Category: Paid Models

How to ROI Your Paid Content Strategy – Part 1 – Retention

I’ve spoken to a lot of publishers over the past year.  I always know exactly who actually has developed a strategy and who just thinks they need apps and a paywall.  I know because the ones who don’t have a strategy are extremely price sensitive and nothing can be cheap enough.

I walked into a publisher meeting with 5  sr. vice presidents and they said “we know how much you spent at Memphis and we don’t have that kind of money.”  They’ll end up spending more than we did in Memphis.  They got there not because I told them to.  They got there because they knew how to understand the true return on their investment and what the opportunity cost was.

When we developed the strategy for The Memphis Commercial Appeal it was late 2010, the iPad had just launched, no one really knew what was going to happen with Android and the city of Memphis was not an affluent or high tech city.  The knee jerk reaction in doing a digital strategy is to focus on how many digital subscribers you can convert. I told  the publisher that we would build a retention strategy first and a digital growth strategy second and that’s how it should be positioned to his sr. management team to manage expectations.

What is a retention strategy?

A retention strategy is a pricing and packaging model designed to increase the retention of your existing print subscriber base.  There are several flavors of it.  Some publishers have chosen to preserve or force multi-day (more than 2) or 7-day buys.  In other words you get digital for free if you buy these packages.  In Memphis we chose to allow print/digital all-access (digital included for free with a print subscription)  when you purchased a minimum of Sunday only.  The goal was to preserve Sunday circulation and pre-print revenue.   The hypothesis was that by adding digital access for free it increased the overall value of the print subscription.  Because your increasing the value of the print package you increase conversion and reduce cost per order.  You also increase retention and reduce churn.  Both those factors reduce your circulation expenses and increase your circulation revenue.  In addition, by getting a net positive on both those factors you slow your print decline or better yet grow your home delivery number.

Awesome, right?  But how do you factor that into a revenue model to justify or understand how much you should spend on your paid content strategy?  Just a word of warning for the accountants and purist, this is going to give you a rough number to understand the model.  You’ll have to figure out if the incremental effort to get to the exact number is worth it to you.

Step 1: Building the Model – Understanding Your Circulation Delta

How has your circulation changed over the past 24 months?  For most papers you are probably seeing a negative circulation trend.  For the purposes of this exercise get 24 months of average monthly Sunday home delivery circulation and calculate the year over year change per month. Calculate the average year over year change per month for the most recent 12 months if you explored more than 24 months.  For any of this that isn’t obvious shoot me an email with your question.  From this exercise you should have calculated your circulation delta for the model.  Let’s say for arguments sake it is -4%.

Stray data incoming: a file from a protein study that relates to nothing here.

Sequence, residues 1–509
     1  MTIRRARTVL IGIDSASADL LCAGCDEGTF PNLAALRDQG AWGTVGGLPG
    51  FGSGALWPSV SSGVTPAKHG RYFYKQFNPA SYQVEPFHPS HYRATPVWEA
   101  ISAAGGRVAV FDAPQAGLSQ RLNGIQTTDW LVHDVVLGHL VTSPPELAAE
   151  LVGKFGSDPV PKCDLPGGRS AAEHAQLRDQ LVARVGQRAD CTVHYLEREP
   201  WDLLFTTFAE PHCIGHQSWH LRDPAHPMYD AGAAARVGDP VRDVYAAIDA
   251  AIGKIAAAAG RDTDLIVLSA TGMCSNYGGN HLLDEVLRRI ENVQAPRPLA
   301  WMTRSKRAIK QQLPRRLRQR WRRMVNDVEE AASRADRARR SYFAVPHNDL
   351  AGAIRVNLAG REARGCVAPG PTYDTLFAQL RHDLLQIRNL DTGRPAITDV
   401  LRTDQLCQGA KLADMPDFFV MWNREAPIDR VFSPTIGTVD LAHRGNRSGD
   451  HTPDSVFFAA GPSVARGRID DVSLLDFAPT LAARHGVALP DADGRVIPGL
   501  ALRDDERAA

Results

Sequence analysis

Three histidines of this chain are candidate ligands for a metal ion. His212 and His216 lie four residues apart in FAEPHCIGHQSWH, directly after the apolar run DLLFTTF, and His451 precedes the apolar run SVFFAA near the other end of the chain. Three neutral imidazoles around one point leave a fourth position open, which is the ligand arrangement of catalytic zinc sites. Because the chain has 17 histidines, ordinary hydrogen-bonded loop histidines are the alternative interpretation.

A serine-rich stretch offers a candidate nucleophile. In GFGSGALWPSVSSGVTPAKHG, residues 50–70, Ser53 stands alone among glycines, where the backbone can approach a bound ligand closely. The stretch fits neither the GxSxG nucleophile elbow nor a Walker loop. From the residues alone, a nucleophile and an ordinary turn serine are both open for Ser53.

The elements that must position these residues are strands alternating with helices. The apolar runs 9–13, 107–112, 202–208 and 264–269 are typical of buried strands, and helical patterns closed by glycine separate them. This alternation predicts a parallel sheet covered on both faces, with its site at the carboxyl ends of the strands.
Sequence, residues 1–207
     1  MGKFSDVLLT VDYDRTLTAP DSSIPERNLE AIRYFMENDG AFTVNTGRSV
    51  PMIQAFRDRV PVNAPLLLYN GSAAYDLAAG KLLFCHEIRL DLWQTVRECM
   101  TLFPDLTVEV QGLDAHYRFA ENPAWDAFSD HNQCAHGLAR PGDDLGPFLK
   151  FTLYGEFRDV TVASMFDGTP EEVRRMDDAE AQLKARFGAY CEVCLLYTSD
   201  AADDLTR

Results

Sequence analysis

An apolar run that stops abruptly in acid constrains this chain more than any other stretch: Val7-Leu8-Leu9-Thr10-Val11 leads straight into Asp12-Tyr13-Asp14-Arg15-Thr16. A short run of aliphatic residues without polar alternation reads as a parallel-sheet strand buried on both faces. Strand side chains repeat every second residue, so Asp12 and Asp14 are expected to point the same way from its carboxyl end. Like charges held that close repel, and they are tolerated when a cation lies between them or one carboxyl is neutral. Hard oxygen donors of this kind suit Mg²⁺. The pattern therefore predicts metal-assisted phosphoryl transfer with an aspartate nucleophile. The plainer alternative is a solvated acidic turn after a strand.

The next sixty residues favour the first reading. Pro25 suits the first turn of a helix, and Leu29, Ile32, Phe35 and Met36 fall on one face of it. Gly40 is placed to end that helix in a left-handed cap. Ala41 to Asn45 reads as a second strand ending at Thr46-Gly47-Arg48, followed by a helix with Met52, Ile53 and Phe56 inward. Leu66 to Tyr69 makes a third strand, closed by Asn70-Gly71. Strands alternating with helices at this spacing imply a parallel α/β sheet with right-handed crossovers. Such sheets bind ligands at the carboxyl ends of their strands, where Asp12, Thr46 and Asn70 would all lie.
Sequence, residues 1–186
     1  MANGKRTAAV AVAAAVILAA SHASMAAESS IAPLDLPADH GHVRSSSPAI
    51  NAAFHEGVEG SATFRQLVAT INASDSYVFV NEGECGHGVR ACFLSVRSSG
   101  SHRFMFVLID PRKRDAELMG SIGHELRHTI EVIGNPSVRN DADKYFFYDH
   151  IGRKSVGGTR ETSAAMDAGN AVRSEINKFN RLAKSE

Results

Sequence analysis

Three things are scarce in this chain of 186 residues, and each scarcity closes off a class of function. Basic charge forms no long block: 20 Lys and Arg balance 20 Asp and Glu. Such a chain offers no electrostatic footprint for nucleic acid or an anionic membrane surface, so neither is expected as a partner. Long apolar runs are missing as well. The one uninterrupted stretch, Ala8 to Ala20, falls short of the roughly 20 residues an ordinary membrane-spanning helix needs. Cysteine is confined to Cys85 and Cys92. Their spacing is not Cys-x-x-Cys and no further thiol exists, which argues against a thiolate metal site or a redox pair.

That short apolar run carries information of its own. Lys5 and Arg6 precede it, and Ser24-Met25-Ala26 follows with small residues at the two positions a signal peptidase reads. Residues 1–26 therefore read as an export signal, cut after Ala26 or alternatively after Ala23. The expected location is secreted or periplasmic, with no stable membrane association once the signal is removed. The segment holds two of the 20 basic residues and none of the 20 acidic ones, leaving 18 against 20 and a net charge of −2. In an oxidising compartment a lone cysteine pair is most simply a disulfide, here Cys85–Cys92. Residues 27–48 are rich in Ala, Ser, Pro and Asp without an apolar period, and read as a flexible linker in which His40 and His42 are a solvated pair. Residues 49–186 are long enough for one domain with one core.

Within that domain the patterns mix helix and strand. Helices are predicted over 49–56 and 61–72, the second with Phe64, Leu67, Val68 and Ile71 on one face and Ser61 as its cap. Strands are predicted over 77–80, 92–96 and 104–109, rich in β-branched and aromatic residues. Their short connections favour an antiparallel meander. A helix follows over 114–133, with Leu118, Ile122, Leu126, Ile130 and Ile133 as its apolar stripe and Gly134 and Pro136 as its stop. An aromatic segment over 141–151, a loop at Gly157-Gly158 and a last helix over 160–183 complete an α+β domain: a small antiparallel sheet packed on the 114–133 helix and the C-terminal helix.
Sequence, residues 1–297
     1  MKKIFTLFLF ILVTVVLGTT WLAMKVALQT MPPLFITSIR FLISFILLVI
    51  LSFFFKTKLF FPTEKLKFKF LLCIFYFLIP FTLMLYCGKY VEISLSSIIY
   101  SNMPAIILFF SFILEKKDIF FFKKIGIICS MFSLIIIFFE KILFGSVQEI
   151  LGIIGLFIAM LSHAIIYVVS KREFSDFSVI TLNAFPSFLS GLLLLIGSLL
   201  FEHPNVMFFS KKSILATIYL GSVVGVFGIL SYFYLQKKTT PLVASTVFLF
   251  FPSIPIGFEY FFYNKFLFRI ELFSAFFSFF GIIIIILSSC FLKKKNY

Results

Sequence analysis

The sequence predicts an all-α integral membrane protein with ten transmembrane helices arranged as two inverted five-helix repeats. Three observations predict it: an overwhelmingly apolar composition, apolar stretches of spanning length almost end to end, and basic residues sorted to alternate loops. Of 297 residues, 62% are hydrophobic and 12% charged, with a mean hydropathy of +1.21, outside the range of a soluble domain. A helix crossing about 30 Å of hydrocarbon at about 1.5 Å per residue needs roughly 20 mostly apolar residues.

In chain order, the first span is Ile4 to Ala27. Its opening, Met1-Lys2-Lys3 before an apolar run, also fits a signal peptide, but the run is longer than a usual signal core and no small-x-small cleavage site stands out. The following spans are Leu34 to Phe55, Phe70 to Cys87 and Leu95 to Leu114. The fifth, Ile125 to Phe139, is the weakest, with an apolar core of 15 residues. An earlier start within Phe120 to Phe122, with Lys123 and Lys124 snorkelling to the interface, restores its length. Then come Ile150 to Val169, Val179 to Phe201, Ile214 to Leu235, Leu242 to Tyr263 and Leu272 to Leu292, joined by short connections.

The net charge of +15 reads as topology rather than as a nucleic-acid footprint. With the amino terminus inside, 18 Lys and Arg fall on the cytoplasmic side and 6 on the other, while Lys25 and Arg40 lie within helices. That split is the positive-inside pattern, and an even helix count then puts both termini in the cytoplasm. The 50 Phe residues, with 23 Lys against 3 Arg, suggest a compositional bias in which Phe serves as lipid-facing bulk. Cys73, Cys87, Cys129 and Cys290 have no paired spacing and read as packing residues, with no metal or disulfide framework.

Step 2: Pre-print revenue per copy sold

One of the big goals of preserving the Sunday home delivery number is the pre-print revenue associated with it.  Pre-print is direct income meaning that if you lose 1,000 Sunday subscribers you lose direct pre-print revenue.  The same is not true for ROP.  If you lose 1,000 copies you aren’t going to drop your ROP rate to adjust for that circ loss.

To calculate your pre-print revenue per sold copy get your pre-print revenue for Sunday distribution only, scrub the TMC and daily pre-print revenue out of there.  If your reporting allows for it drilldown to home delivery only, scrub single copy and any other non-HD copies out.  Your single copy shouldn’t really matter unless you are The NY Post or Daily News.  You should now have pre-print revenue for the past 12 months.

If you have the actual Sunday home delivery copies sold number line them up by month. If you have the average then don’t forget to account for 4 Sunday and 5 Sunday months.   At this point you have the total pre-print revenue for Sunday home delivery copies by month.  You also have the total number of Sunday home delivery copies sold for each month.  When you divide the revenue by the copies sold you should now have the average pre-print revenue/sold Sunday home delivery copy for the past 12 months.  Calculate the 12 month average.  It should be between $0.85 and $1.10.

Step 3: Sunday home delivery revenue per copy sold

You might have a headache by now so this is easy.  What is your wholesale rate to carriers?  Or the cost that you recognize as a sold Sunday home delivery copy?  Let’s say it’s $2.50.

Step 4: Add the two together

Add the average pre-print revenue per Sunday copy and the average home delivery circulation revenue together and that number is your “total revenue per Sunday home delivery copy sold”.  For argument sakes let’s say it’s $1.00 of pre-print and $2.50 of circulation revenue.  You make $3.50 in revenue per Sunday home delivery copy sold.

Step 5:  Go back and plot the graph from step 1, the circulation change

For simplicity sake imagine your circulation delta was trending at -4%.  If you did nothing at the end of a 12 month period you would have 96,000 subscribers from a base of 100,000 in the example shown.

If your retention strategy and pricing allowed you to improve by 3% to -1% decline you would have 99,000 subscribers at the end of the 12 month period.  If you reversed the trend and went to a +1% trend you’d have 101,000 subscriber.  The area between the lines on the graph represents copies and revenue.  Remember each copy is worth $3.50 in revenue.  In the example above, the -4% to -1% change represents 74,000 copies retained through the end of 2012.  Converting that to dollars by multiplying by $3.50/copy, you would have retained $260,000 in revenue.  That is just through the end of 2012.  That number gets larger as you calculate further out because a lost copy today is a lot copy forever.  Going from -4% to +1% represents $435,000 in revenue just through 2012.